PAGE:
Don't undersell the auto pilot.  It sure is nice to be able to go below for a short time and get another cool one or relieve yourself.  I just don't trust "Lance's" wheel brake to steer as well as my auto pilot!  Maybe that's why most of the males found, that have fallen overboard, are reported to have their flys open!!

I'm sure that most (if not all) of the MK IIs have in-the-mast furling for the mainsail.  
A few thoughts.
« Last Edit: January 25, 2010, 03:01:06 PM by Ron Hill »
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Bob Kuba

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Re: single handing
« Reply #4 on: January 25, 2010, 10:02:26 AM »

Jim,

I have a wired remote for my autohelm that is mounted on a quick release bracket on the starboard side of the companionway. I am able to stand on the top stair, protected by the dodger, and control the boat from there. It has all the same readouts as my pedestal instruments; wind speed and direction, boat speed, depthmeter, xtrack error, and even the ability to tack.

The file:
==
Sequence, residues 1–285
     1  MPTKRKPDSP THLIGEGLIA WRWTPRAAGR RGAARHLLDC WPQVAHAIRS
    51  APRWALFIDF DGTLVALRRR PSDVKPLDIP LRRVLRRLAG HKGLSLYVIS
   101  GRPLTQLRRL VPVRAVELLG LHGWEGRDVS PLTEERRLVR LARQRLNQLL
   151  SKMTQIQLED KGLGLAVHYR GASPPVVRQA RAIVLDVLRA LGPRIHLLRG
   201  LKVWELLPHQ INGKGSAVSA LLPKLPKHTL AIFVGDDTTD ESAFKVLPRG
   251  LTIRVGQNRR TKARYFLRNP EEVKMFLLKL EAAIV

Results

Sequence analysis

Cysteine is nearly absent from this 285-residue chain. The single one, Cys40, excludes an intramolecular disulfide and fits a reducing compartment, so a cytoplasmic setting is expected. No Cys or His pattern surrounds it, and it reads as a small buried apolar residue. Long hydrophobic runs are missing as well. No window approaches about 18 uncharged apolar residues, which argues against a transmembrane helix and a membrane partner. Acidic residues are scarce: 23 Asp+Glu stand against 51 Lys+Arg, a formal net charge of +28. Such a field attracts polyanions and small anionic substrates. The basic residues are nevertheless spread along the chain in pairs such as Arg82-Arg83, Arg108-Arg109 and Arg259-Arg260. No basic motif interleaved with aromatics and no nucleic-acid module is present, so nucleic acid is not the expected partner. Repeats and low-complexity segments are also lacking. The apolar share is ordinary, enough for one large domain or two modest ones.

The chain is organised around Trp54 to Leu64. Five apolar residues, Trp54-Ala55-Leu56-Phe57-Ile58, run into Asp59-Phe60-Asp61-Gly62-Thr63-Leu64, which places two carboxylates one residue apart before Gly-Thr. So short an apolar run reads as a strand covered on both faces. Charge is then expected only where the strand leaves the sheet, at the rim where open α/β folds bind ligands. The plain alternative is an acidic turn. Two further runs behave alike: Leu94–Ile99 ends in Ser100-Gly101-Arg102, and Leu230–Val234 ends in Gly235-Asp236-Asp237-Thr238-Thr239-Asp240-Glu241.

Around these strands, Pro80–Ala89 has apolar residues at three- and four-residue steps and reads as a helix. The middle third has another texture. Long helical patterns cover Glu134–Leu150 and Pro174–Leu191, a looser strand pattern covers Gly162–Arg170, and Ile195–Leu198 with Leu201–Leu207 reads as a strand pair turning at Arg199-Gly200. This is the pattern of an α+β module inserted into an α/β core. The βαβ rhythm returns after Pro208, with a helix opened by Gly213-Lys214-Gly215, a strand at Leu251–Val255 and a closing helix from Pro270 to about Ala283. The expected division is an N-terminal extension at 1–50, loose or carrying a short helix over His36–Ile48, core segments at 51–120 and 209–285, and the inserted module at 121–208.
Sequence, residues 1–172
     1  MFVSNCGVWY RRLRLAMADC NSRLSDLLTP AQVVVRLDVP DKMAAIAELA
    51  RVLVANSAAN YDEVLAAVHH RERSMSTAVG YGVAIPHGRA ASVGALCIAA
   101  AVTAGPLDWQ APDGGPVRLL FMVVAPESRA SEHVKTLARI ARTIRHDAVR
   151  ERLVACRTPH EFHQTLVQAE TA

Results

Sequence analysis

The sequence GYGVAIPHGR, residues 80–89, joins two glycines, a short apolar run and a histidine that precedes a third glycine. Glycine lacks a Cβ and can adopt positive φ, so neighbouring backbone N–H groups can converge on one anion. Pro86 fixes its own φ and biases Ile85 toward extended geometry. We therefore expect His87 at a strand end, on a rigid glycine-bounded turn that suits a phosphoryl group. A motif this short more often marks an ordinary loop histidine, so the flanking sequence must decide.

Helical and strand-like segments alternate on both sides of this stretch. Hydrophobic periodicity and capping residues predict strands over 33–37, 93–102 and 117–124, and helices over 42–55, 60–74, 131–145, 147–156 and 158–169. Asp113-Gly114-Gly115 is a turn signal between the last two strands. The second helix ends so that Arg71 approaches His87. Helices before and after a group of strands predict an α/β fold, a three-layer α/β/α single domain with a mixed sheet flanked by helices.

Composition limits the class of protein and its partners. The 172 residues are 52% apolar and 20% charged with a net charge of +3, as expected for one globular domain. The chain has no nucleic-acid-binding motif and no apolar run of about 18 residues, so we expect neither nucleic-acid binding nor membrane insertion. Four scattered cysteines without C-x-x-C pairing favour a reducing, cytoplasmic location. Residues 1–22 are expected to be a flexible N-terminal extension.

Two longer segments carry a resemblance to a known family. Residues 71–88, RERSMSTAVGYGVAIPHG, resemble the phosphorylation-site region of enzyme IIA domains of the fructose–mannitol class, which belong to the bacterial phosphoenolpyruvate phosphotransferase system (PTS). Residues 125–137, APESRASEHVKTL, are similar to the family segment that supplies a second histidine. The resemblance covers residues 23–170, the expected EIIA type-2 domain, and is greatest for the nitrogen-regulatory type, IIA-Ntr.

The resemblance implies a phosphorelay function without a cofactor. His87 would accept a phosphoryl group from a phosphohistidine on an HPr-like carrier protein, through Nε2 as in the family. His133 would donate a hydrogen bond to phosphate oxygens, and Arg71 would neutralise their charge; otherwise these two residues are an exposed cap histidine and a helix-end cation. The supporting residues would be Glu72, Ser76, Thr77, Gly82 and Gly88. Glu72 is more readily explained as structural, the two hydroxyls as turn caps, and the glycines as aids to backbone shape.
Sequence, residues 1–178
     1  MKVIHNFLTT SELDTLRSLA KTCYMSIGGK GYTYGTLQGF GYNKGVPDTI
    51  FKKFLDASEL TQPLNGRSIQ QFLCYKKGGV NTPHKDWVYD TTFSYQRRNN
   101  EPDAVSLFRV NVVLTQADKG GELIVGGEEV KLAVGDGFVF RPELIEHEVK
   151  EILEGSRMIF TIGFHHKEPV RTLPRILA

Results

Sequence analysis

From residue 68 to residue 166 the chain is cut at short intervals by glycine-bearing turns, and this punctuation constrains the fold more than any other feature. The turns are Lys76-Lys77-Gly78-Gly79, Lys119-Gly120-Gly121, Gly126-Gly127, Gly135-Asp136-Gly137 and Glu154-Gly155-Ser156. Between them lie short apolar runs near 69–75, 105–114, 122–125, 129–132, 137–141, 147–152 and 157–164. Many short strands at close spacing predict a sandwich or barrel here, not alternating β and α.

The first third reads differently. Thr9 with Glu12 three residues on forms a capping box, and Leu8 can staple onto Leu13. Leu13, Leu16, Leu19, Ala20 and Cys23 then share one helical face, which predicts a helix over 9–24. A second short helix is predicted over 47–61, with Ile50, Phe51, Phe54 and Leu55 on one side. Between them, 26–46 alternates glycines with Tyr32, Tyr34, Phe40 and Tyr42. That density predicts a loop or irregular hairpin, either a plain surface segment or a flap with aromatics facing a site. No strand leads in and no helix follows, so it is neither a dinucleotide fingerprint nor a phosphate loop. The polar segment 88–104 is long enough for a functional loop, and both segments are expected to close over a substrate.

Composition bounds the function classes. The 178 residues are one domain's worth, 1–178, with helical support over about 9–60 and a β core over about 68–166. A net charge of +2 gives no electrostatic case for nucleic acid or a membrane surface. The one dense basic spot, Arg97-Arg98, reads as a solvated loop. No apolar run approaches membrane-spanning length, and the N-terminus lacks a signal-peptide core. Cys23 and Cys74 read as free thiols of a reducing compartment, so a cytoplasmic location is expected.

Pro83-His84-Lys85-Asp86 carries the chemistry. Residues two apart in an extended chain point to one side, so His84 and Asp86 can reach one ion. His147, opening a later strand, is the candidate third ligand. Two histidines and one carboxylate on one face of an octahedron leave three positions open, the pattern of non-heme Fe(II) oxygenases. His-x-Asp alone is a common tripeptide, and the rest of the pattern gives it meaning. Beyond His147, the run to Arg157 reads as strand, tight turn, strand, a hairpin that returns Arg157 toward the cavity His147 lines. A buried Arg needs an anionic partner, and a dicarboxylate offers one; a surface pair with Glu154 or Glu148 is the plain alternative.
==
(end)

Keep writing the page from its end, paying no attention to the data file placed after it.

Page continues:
I find it useful getting the boat dead into the wind when raising the main. It's also great for staying out of the weather without losing the ability to make course corrections on days when the weather is less than ideal.

And I know this will sound crazy, but I also use it to make course adjustments when I am at the mast setting the cruising spinnaker. It has a 25 foot long cord that will easily stretch to the bow. Granted, that the conditions have to be ideal for me to singlehand the cruising spinnaker, but I find the remote very useful.

When I bought the boat from the previous owner, the connection jack was installed, but the remote was not part of the sale. I had to go and buy it myself, and now I understand why. I don't think I'll give mine up either, it would be hard to part with.

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Bob Kuba, C34IA Past Commodore

Lance Jones

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Re: single handing
« Reply #5 on: January 25, 2010, 11:18:47 AM »

Ron,
When I need to use the head single handing, I lock it down tight and go down to pee. If I have to do the other, oh welllllllll.
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Lance Jones
1988  C-34 Kitty's Cat
S/N 622

Stu Jackson

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Re: single handing
« Reply #6 on: January 25, 2010, 01:27:32 PM »

If I have to do the other, oh welllllllll.